It is an ugly American bigotry as old as the hills.
Know-Nothingism was a widespread bias against Catholicism in this country, stemming from the suspicion that Catholics were not sufficiently patriotic or trustworthy, as they were controlled by the Pope and a secret Vatican cabal.
Now courtesy of your tax dollars, Know-Nothingism has made a 21st century comeback on PBS's flagship Frontline investigative program.
Last week, in a documentary entitled "Secrets of the Vatican," Frontline managed a remarkable feat: to haul out every old anti-Catholic canard that would make a Klansman beam. It was a 90-minute orgy of bigotry indulging every stereotype about the Church: criminal cover-ups, monetary corruption, gay clergy, and, of course, the ever-favorite and never-ending sex abuse storyline.
Confusing the Church with its members
As one sharp criticism has already pointed out, PBS employed the old strategy of targeting the individual sins of specific members of the Church as a way to launch a broadside attack on the entire institution of the Catholic Church.
And in a Church of 1.2 billion members, it is not very hard to find a lot of individual sinners committing every imaginable type of sin, including sex abuse. And PBS has already beaten the sex abuse horse aplenty. By one estimate, PBS has addressed the issue of sex abuse in the Catholic Church a whopping 48 times.
And as we have repeatedly pointed out, child sex abuse has been committed in all organizations that deal with children. Yet only with respect to the Catholic Church does PBS use such acts to disparage an institution as a whole.
But one would never would one read a media report or editorial concluding that because sex abuse and cover-ups occur in public schools that public education itself must be called into question.
A new face at the party
And as if we haven't heard the same criticism many times before, Frontline trots out the usual rogues gallery of Church cranks, bigots, and tort lawyers to parrot the usual sex abuse attacks on the Church: malcontent Fr. Thomas Doyle; Church-suing contingency lawyer Jeff Anderson (aka "Stuntsuit Anderson"); supporter-of-a-child-pornography-collector Jason Berry; and the hysterical Peter Isely of the anti-Catholic group SNAP.
However, Frontline did introduce to the dialogue Harvard psychiatry professor Martin Kafka, who actually spoke at a 2003 conference in Vatican City about sex abuse in the Catholic Church.
While Kafka was far from missing the mark completely in his Frontline appearance, you knew where it was eventually going. For instance, the purported expert claimed that Catholic priests abuse at a rate far higher than that of Protestant clergy stating:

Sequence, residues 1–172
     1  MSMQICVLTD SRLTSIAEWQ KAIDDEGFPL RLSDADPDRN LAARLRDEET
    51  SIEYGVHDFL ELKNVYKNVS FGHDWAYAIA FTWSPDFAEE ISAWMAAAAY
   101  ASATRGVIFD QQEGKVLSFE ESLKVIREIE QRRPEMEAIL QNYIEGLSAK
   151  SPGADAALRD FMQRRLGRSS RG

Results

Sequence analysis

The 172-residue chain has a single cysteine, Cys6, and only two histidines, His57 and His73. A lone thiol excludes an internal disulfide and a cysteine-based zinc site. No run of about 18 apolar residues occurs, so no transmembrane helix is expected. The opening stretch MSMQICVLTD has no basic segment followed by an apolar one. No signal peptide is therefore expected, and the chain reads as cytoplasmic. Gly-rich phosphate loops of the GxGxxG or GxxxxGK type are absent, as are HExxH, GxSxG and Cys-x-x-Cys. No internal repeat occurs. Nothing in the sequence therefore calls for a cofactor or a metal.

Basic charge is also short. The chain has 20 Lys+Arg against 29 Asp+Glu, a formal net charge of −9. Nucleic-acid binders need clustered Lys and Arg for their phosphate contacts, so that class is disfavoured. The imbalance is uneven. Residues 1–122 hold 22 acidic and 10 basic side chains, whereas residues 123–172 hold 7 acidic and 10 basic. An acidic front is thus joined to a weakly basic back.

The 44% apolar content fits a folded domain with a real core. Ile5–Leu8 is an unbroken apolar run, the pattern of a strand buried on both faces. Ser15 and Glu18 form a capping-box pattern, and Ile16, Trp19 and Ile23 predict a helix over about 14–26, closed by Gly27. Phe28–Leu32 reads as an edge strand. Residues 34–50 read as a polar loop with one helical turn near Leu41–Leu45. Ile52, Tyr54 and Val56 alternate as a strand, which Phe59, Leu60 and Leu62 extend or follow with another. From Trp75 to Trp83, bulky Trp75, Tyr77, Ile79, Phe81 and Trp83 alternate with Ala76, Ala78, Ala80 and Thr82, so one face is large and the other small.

However, as we have repeatedly shown, there has never been any reliable data to support such an assertion.
"The number of Catholic clergy who are accused of or prosecuted for child and adolescent sexual abuse vastly outnumber the number of Protestant clergy."
(We emailed Dr. Kafka and asked him the sources for his claim. He kindly replied, but none of the studies which Kafka supplied to support his assertion actually set out to determine the rates of abuse among different denominations. In other words, Kafka's claim might make a nice sound bite for those at Frontline, but it is nonetheless simply untrue.)
And as if Frontline's rambling broadside against the Church were not enough, the PBS website also posted an article by writer Sarah Childress that included a graph claiming that hundreds of Catholic priests are accused of abuse every year in the United States. But Childress makes no mention of the fact that almost all of the accusations themselves allege abuse from many decades ago and that a significant half of all accused priests nowadays are long dead.
No other institution
While sex abuse is a grave societal problem, millions of our tax dollars are used to fund reporting about the issue almost exclusively about one single institution: the Catholic Church.
No other group, whether it be the Jewish community or the African-American community, would tolerate such relentless and one-sided reporting from a taxpayer-funded network.
But, rest assured, whether it is airing 90-minute Da Vinci Code-like specials about the "secret" Vatican or playing the sex abuse card yet again, the mainstream media have one standard for Catholics and another for all other groups.